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Cause and Symptoms of Juvenile Polyposis Syndrome

  • Posted on- Apr 18, 2018
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Juvenile Polyposis Syndrome (JPS) is a condition which is characterized by the presence of hamartomatous polyps in the digestive tract. Hamartomas are non-cancerous masses of normal tissue that build up in the intestines or other places.

These masses are called polyps if they develop inside a body structure, such as the intestines. The term juvenile polyposis refers to the type of polyp (juvenile polyp) that is found after examination of the polyp under a microscope, rather than the age at which people are diagnosed with Juvenile Polyposis Syndrome (JPS).

Polyps may frequently develop in a person with Juvenile Polyposis Syndrome by age 20. The number of polyps a person has during his or her lifetime can range from around five to more than 100.

Most juvenile polyps are benign (non-cancerous), but there is an increased risk of cancer of the digestive tract in families with Juvenile Polyposis Syndrome (JPS).

Juvenile Polyposis Syndrome (JPS) is suspected when a person’s symptoms and history that fall into one of the following categories:

  • More than five juvenile polyps of the colon and/or rectum
  • There are multiple juvenile polyps throughout the digestive tract (stomach, small intestine, colon, and rectum)
  • Any number of juvenile polyps and a family history of juvenile polyps

What causes Juvenile Polyposis Syndrome (JPS)?

Juvenile Polyposis Syndrome (JPS) is a genetic condition. This means that the risk for polyps and cancer can be passed from generation to generation in a family. Two genes have been linked to JPS. They are called BMPR1A and SMAD4.

A mutation (alteration) in either the BMPR1A gene or the SMAD4 gene makes a person more likely to develop juvenile polyps and cancer of the digestive tract over his or her lifetime.

Not all families that have Juvenile Polyposis Syndrome (JPS) will have mutations in BMPR1A or SMAD4. Other genes are being studied regarding their link to Juvenile Polyposis Syndrome (JPS).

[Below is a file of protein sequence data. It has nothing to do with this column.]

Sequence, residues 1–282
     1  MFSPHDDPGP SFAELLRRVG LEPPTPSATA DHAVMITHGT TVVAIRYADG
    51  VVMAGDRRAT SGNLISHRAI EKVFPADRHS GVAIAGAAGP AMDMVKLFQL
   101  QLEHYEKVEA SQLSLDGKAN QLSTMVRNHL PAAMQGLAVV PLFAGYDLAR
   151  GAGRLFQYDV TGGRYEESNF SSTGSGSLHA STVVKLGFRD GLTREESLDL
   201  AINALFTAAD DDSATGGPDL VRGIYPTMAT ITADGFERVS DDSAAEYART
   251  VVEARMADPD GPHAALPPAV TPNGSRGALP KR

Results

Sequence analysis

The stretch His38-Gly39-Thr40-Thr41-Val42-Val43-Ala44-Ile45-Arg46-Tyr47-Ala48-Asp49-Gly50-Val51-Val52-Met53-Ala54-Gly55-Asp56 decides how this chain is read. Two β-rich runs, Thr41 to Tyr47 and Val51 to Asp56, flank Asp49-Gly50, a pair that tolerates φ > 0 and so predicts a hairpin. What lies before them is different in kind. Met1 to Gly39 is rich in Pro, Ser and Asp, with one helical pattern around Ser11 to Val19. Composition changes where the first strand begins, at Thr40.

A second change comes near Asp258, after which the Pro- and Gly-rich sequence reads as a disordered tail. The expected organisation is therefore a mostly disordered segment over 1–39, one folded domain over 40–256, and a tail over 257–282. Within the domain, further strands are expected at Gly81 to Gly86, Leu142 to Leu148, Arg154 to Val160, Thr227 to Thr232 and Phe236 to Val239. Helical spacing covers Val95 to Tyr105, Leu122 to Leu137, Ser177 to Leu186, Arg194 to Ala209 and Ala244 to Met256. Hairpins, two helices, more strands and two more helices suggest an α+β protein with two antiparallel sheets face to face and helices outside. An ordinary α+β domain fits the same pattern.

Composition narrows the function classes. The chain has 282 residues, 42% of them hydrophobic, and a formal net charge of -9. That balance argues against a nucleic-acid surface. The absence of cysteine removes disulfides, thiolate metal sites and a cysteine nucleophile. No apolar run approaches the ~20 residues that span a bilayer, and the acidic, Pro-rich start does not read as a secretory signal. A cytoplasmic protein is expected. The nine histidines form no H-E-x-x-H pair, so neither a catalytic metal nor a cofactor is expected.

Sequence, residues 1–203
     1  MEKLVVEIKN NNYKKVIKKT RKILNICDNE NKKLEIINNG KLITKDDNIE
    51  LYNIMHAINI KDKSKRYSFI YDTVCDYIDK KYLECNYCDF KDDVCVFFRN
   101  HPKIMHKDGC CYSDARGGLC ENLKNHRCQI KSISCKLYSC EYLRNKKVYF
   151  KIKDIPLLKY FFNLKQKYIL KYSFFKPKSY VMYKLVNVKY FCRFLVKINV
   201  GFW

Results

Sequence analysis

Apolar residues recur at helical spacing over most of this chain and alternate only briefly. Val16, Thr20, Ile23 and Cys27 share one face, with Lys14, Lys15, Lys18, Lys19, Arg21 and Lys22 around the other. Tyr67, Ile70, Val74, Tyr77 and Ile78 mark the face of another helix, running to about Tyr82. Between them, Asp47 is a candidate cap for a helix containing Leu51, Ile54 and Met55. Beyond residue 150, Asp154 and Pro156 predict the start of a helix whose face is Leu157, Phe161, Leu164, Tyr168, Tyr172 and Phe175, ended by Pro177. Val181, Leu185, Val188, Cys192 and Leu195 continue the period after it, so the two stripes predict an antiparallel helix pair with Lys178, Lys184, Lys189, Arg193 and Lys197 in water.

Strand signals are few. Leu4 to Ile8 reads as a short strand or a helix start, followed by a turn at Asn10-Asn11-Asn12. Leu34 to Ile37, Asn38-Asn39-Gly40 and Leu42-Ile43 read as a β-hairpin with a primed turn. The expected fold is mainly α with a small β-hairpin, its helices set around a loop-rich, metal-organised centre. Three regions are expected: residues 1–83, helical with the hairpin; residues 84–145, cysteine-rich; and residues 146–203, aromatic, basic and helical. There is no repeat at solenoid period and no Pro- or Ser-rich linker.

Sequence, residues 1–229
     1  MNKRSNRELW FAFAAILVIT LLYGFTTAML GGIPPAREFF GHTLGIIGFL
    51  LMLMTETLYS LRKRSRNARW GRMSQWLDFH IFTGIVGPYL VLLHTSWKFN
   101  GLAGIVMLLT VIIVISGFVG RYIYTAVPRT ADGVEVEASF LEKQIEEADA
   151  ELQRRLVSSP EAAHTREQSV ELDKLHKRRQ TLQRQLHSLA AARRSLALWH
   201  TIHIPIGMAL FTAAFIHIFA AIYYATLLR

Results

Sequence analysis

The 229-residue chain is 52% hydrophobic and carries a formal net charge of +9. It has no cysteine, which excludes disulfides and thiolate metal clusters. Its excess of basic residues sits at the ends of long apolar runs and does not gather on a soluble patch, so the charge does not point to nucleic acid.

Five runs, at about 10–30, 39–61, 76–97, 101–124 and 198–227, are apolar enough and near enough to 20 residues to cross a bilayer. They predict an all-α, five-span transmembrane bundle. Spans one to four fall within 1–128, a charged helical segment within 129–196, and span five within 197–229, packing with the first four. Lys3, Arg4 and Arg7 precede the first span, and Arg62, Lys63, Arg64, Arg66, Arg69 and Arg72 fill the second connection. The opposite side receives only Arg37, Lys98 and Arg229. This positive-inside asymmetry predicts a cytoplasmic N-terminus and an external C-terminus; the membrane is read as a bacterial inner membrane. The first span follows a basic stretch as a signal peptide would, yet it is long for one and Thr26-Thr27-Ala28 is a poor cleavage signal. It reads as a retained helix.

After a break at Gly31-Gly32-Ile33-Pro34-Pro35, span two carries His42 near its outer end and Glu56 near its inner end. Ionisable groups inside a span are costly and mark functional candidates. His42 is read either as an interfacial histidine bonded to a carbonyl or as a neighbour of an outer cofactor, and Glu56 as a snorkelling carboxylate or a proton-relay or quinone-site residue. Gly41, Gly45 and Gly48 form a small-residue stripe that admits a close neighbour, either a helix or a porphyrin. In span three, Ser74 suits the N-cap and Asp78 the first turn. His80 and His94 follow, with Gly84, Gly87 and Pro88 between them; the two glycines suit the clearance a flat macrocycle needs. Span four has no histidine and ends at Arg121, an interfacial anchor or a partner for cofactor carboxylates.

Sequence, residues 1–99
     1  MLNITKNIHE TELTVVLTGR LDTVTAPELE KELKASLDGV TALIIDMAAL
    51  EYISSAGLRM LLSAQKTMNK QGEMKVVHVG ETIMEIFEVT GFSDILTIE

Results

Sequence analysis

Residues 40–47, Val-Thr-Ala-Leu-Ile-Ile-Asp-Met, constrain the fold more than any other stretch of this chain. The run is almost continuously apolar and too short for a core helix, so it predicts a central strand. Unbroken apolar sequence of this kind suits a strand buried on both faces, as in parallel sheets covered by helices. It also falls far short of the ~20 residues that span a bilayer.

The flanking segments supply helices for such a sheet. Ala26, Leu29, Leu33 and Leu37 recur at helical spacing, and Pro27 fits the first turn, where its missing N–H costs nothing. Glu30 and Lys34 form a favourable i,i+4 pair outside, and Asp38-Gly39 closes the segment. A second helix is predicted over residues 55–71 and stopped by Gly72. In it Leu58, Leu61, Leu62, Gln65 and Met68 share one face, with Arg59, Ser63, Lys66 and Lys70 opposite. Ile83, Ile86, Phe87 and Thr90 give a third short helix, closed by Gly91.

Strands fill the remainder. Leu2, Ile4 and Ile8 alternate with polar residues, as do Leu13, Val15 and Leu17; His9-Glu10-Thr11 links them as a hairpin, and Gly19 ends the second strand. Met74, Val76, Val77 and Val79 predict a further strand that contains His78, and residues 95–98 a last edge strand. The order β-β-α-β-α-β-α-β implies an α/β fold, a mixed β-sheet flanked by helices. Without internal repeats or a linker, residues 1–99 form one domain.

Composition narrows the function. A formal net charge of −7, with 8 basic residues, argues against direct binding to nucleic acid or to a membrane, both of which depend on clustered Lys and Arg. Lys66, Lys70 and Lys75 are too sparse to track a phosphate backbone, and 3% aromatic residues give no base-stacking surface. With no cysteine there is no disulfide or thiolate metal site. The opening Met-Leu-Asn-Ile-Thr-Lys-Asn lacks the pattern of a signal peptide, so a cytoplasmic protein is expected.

How is Juvenile Polyposis Syndrome (JPS) diagnosed?

A diagnosis of Juvenile Polyposis Syndrome (JPS) is assumed if a person’s symptoms and history fit one of the three categories listed above. People who have Juvenile Polyposis Syndrome (JPS) can have a blood test to look for a mutation in the BMPR1A gene or the SMAD4 gene.

If a specific gene mutation is present, other family members will be diagnosed with Juvenile Polyposis Syndrome (JPS) if they are tested and have the same gene mutation.

It appears likely that there are other genes associated with JPS that have not yet been identified, so a blood test result that comes back as “negative” (meaning a gene mutation cannot be found) does not mean that a person does not have Juvenile Polyposis Syndrome (JPS).

Therefore, meeting with a health professional who specializes in genetics, such as a genetic counselor or medical geneticist, is recommended for people who have a family history or symptoms that suggest Juvenile Polyposis Syndrome (JPS).

What is the estimated cancer risk associated with Juvenile Polyposis Syndrome (JPS)?

People with Juvenile Polyposis Syndrome (JPS) are considered to be at increased risk for colorectal, stomach, small intestine, and pancreatic cancers. The total estimated cancer risk associated with JPS is 9% to 50%, but the risks for each specific type of cancer have not been determined.

What are the screening options for Juvenile Polyposis Syndrome (JPS)?

It is important to discuss with your doctor the following screening options, as each individual is different:

  • A complete blood count (CBC, a blood test), colonoscopy, and upper endoscopy should be done at age 15 (or earlier if there are symptoms)
  • If tests are normal they should be repeated every three years.
  • If polyps are found, they should be removed, and screening should be done every year.
  • Individuals who develop large numbers of polyps may need to have surgery to remove part of the colon or stomach.

Diagnosing options may change over time as new technologies are developed and more is learned about Juvenile Polyposis Syndrome (JPS). It is important to talk with the doctor about appropriate screening tests.

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